CHARLESTON, W.Va. (WSAZ) -- After dealing with last summer's derecho, many are in a "better safe than sorry" state of mind.
Those who deal with emergencies are taking extra steps of caution when it comes to the possibility of severe weather.
Last year's derecho knocked down trees and power lines -- leaving two-thirds of West Virginia without power for days.
It was the storm that caught just about everybody off guard.
C.W. Sigman, Kanawha County’s emergency management deputy director, got a call about an hour before the derecho hit, warning him of a bad storm coming in.
“I told him I’d never doubt him again. He was right. It was a bad storm coming,” Sigman said.
Sigman wasn't the only one who treated the warning as run-of-the-mill. Now he and everybody else are better prepared.
At Kanawha County Metro 911, there are extra generators outside and extra staff inside, because dispatchers remember what it was like last year.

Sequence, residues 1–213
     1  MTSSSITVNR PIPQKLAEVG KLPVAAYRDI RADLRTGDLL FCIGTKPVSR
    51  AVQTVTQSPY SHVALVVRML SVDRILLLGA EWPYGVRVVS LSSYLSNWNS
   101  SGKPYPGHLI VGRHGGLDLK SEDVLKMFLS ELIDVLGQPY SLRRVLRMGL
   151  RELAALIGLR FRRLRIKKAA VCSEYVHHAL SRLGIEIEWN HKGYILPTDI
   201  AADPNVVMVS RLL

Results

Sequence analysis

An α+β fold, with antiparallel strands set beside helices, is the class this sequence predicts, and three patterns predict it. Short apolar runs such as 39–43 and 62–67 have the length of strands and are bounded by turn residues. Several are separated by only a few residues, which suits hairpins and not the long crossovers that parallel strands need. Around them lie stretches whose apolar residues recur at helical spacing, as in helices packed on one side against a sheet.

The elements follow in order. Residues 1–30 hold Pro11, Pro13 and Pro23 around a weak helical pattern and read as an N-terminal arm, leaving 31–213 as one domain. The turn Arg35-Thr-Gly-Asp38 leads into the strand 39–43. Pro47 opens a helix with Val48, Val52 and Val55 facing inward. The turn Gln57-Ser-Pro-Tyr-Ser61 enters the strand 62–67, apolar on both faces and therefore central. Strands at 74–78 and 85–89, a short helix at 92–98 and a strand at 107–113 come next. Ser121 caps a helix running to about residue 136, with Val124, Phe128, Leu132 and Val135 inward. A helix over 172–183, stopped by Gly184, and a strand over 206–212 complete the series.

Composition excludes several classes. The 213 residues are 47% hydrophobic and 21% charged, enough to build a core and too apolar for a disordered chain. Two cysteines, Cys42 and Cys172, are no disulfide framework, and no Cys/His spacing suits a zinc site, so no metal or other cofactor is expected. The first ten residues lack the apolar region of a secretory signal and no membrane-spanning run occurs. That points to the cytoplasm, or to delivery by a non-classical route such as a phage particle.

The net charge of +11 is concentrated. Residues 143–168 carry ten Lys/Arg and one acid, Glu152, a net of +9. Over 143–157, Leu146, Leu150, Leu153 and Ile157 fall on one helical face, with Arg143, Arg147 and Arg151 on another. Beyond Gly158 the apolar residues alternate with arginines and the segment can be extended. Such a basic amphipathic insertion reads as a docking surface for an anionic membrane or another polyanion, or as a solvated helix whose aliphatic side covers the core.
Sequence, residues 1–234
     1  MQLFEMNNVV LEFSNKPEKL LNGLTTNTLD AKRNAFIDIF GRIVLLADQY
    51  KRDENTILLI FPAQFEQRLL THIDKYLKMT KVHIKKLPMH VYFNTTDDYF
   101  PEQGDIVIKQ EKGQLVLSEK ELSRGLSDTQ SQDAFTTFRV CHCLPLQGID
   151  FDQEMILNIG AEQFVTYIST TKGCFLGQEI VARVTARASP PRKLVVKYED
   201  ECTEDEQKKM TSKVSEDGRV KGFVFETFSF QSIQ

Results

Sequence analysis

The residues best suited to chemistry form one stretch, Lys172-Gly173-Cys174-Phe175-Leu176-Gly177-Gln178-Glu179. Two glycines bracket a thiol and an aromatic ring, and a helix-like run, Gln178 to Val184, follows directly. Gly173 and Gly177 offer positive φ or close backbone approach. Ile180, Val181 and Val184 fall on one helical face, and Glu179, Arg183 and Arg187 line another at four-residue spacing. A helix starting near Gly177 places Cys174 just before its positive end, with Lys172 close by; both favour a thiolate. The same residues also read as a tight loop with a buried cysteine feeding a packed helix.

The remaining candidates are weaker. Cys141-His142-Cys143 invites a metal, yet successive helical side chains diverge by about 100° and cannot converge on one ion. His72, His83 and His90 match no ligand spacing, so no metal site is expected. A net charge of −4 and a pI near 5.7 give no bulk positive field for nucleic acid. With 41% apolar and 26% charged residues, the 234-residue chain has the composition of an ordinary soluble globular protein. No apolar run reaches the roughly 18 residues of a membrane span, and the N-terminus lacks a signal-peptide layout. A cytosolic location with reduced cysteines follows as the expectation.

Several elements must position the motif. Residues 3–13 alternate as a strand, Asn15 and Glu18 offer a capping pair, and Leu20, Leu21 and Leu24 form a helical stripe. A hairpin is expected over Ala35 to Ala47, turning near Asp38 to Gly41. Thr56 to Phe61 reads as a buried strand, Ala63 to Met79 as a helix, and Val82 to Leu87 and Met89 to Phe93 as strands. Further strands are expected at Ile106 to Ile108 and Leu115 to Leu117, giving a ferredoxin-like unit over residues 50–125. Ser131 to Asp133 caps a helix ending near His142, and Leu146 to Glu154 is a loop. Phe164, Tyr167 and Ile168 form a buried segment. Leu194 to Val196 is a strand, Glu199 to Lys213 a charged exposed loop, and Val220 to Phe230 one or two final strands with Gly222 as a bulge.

“It was very chaotic, just the amount of phone calls that started coming in after the storm,” Capt. Paul Dryden with Metro 911 said.
Dispatchers in Calhoun County are also keeping an eye to the sky, trying to decide whether to launch the brand new code red emergency alert system.
It would send a tailored message to your landline, letting you know about the possibility of severe weather and what you need to do.
“Our most important thing is ‘the first 72 are on you.’ You need to be prepared to be without electricity, without running water,” Julie Sears, an emergency dispatcher, said.
You can also sign up for text and e-mail alerts at: http://www.ecnetwork.com/codered/
In Putnam County, the public service district is also taking extra steps of caution.
“Last year's event is still fresh on everybody's mind -- probably more so on ours than others,” John Inghram, the water quality superintendent, said.
So the PSD is filling up its backup generators to make sure clean water continues to flow to all customers.
As various agencies prepare for severe weather, they want to make sure you are prepared, too. Emergency officials say to make sure you have plenty of food, water and any medications you may need – just in case your power goes out.
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